Yeah, I can relate to that. After reading countless pages about ALSA, trying to set up both my onboard audio and my USB DAC, PA made it as simple as setting default-sample-rate (and, if needed alternate-sample-rate) in a config file. It will take it from there and shove that setting down whatever audio stack you happen to be using under PA.

          I'm sorry, but no. I will forever have an issue with that approach.
          Shipping software that doesn't work is and always will be a distro failure. A distro is expected to keep that software in their develop/testing/whatever branches until it's good enough for public consumption. I'm pretty sure you, at RedHat, never do that to RHEL.
          I do agree that Linux' tiny market share doesn't make it easy to push for upstream fixes. But that's a lame excuse for treating your users as guinea pigs.

          PS I'll take your list of stuff released in a half-baked form and add systemd. It hurt systemd in ways that it didn't recover to this day.
          That kind of thing happens when shipping new software all over the world, open or closed doesn't matter. The thing is that no matter how much QA you perform internally it's not until you do shipment of v1.0 that you will have your software put through the real QA when millions of users will run it on all their crazy combinations of hardware, use cases and other bizarre circumstances.

          I guarantee you that whoever you ask that have been responsible for shipping v1.0 of software to users will have the same experience. Hell even Microsoft that have the money and resources to have tens of thousands of people do their QA have major issues on every single v1.0 release.

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          • #15
            Originally posted by loganj View Post
            why is this crap still around?
            i have nothing but huge problems with pulse.
            Because the rest of us doesn't have those problems (which of course is a huge guess on my part since you didn't even write what kind of problems it is that you experience) and so far no distro have decided to replace software due to some random anonymous user on a forum expresses problems with it.

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            • #16
              Originally posted by F.Ultra View Post

              That kind of thing happens when shipping new software all over the world, open or closed doesn't matter. The thing is that no matter how much QA you perform internally it's not until you do shipment of v1.0 that you will have your software put through the real QA when millions of users will run it on all their crazy combinations of hardware, use cases and other bizarre circumstances.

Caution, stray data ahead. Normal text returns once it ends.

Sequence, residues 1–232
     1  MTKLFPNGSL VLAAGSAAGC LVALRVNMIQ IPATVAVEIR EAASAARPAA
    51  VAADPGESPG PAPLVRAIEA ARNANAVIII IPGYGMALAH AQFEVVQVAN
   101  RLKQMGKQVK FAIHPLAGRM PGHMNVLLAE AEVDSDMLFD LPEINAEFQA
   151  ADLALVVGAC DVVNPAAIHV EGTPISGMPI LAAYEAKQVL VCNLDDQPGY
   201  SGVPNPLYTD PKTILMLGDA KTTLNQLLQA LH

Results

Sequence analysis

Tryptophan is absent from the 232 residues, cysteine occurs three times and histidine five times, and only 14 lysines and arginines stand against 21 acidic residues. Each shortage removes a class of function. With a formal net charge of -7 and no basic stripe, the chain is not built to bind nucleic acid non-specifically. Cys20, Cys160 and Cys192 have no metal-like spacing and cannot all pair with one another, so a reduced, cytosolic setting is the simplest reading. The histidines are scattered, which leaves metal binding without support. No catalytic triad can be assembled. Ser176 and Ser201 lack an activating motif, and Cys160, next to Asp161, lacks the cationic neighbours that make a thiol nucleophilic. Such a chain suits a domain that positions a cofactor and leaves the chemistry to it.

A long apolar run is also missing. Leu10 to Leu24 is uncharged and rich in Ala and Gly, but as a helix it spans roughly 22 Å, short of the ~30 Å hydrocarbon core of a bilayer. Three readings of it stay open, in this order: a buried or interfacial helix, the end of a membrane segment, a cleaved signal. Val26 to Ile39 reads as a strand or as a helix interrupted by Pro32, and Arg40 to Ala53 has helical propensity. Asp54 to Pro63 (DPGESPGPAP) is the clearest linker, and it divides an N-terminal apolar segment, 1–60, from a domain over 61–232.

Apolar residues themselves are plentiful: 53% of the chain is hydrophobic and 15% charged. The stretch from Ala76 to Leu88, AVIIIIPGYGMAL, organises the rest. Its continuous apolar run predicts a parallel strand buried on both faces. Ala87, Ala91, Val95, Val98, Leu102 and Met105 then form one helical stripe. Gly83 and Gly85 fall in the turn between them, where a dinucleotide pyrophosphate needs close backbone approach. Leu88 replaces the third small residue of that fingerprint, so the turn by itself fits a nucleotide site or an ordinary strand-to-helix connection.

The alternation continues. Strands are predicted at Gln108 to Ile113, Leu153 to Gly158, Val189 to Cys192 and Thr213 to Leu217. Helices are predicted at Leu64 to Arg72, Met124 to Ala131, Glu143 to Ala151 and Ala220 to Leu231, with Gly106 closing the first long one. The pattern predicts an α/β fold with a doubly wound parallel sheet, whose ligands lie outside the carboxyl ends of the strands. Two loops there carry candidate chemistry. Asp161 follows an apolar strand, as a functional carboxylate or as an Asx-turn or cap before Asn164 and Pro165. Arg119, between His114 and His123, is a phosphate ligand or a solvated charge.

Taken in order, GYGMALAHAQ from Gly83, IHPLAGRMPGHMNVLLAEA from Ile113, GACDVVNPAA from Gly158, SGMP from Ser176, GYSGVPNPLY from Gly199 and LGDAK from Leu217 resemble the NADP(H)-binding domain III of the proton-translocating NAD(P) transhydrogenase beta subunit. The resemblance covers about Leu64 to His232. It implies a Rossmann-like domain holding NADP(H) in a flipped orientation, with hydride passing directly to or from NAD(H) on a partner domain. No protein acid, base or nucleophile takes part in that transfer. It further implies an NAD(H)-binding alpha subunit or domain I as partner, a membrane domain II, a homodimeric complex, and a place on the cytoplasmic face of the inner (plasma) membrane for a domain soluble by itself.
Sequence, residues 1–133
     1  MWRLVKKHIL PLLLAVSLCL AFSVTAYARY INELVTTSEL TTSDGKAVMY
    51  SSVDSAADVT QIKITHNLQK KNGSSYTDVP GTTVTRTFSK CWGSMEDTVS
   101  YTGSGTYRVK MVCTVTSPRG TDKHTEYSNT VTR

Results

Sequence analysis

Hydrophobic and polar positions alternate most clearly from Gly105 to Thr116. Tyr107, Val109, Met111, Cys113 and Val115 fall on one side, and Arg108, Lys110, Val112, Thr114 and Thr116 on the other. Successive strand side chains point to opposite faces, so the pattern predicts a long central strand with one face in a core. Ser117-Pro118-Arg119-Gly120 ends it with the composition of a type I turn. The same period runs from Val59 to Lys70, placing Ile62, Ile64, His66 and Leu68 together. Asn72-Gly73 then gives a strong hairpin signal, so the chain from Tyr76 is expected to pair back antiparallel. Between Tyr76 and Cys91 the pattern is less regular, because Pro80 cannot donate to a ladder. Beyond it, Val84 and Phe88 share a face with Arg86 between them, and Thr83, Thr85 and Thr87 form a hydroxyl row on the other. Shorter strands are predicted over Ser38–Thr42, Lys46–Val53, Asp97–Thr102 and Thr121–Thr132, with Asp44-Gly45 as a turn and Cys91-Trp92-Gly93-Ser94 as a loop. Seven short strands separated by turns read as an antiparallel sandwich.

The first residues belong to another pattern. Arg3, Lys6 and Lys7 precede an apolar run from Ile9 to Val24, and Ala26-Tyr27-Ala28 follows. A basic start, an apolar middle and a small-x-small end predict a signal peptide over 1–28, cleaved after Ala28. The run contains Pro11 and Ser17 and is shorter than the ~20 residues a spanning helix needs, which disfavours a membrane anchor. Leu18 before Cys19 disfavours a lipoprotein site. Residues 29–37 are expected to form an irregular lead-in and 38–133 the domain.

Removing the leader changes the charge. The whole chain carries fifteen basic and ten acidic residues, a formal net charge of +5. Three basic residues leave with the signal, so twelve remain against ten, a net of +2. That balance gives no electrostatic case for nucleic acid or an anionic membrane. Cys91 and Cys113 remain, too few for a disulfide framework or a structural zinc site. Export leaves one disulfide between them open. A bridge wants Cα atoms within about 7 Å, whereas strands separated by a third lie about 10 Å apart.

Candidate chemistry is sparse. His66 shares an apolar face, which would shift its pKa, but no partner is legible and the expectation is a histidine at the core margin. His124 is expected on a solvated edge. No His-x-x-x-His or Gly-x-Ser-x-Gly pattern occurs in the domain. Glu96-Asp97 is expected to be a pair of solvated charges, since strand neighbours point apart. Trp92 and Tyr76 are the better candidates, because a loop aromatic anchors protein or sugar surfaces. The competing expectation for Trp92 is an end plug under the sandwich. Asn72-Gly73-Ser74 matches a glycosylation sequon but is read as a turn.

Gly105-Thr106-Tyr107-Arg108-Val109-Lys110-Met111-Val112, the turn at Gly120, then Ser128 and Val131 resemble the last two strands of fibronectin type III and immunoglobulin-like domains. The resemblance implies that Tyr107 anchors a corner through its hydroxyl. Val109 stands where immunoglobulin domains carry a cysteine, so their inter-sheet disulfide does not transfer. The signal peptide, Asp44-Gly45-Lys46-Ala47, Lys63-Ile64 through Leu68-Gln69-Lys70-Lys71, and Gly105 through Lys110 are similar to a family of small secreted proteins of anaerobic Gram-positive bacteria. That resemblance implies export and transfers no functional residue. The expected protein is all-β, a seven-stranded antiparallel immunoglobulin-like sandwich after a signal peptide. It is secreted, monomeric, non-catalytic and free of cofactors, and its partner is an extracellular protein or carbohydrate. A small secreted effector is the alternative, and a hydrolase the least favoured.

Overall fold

I guarantee you that whoever you ask that have been responsible for shipping v1.0 of software to users will have the same experience. Hell even Microsoft that have the money and resources to have tens of thousands of people do their QA have major issues on every single v1.0 release.
              You probably weren't around in the early days of PA. That thing broke left and right and, most annoying, things that used to work. Whether the blame lies with poor drivers or shoddy application integration, ultimately it was still distos' fault for shipping it like that.
              I mean, imagine distros dropping GCC in favor of Clang five years ago. Hell, imagine them doing that switch now.

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              • #17
                Originally posted by bug77 View Post

                You probably weren't around in the early days of PA. That thing broke left and right and, most annoying, things that used to work. Whether the blame lies with poor drivers or shoddy application integration, ultimately it was still distos' fault for shipping it like that.
                I mean, imagine distros dropping GCC in favor of Clang five years ago. Hell, imagine them doing that switch now.
                I have two fairly popular prosumer sound cards which were introduced around -00 and were still sold in this decade. To this day those cards haven't worked out of the box with ALSA and Pulseaudio. I still have to change settings manually to get them to output any sound after a distro installation. Other than that, Pulseaudio works great... unless I want to output audio with the quality that my sound cards are actually capable of. So I use OSS4.

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                • #18
                  Originally posted by [TV
                  ;n1108665]